Robinson Jeffers — The great wound

Robinson Jeffers — The great wound

https://t.me/stihotvor


At the near approach of a star-huge tides

Agitated the molten surface of the earth.

The tides grew higher as it passed. It tore from the earth

I he top of one great wave: the moon was torn

Out of the Pacific'basin: the cold white stone that lights

    us at night

Left that great wound in the earth, the Pacific Ocean

With all its islands and navies. I can stand on the cliff here

And hear the half-molten basalt and granite tearing apai

    and see that huge bird

Leaping up to her star. But the star passed,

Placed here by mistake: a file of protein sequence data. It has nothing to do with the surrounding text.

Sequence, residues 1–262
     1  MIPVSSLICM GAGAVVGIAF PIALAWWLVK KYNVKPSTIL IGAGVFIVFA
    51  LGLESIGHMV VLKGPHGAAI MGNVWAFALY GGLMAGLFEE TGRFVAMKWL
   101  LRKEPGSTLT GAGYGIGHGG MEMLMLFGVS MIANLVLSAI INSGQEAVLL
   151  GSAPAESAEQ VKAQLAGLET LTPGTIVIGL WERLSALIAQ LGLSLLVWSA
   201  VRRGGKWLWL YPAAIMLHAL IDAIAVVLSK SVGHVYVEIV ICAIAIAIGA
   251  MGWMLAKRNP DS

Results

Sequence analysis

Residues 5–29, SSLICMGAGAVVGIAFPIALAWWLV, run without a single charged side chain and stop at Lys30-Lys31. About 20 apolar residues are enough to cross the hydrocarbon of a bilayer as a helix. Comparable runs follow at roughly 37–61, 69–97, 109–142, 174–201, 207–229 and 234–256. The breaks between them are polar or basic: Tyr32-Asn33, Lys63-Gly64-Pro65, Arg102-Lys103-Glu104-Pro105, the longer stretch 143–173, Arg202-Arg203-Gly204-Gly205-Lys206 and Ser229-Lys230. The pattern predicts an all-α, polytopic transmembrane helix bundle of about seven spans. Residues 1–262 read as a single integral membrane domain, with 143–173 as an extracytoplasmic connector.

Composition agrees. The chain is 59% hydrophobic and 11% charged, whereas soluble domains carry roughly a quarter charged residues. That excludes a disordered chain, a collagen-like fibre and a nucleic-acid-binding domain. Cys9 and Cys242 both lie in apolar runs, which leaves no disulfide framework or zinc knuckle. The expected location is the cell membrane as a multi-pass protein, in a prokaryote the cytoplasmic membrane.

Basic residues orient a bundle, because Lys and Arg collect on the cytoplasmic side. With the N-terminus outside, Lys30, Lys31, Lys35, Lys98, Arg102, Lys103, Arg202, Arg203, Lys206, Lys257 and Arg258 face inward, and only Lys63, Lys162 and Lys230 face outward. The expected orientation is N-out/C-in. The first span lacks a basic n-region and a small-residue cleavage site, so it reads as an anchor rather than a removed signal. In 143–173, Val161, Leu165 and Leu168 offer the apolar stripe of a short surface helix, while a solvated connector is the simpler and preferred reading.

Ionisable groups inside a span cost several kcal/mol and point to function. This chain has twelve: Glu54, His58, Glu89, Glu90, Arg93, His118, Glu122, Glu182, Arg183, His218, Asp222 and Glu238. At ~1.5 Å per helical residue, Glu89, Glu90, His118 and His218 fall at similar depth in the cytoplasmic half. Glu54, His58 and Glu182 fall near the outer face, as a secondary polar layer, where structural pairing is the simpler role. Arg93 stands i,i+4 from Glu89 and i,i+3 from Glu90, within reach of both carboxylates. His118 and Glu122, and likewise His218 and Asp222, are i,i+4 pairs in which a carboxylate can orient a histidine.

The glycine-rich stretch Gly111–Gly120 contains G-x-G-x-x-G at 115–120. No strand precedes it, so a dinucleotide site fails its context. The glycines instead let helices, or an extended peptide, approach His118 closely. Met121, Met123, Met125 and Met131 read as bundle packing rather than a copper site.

The moon remained, circling her ancient home,

Dragging the sea-tides after her, haggard with loneliness.


The mathematicians and physics men

Have their mythology; they work alongside the truth,

Never touching it; their equations are false

But the things work. Or, when gross error appears,

They invent new ones; they drop the theory of waves

In universal ether and imagine curved space.

Nevertheless their equations bombed Hiroshima.

The terrible things worked.

                        The poet also

Has his mythology. He tells you the moon arose

Out of the Pacific basin. He tells you that Troy was burnt for

    vagrant

Beautiful woman, whose face launched a thousand ships.

It is unlikely: it might be true: but church and state

Depend on more peculiarly impossible myths:

That all men are born free and equal: consider that!

And that a wandering Hebrew poet named Jesus

Is the God of the universe. Consider that!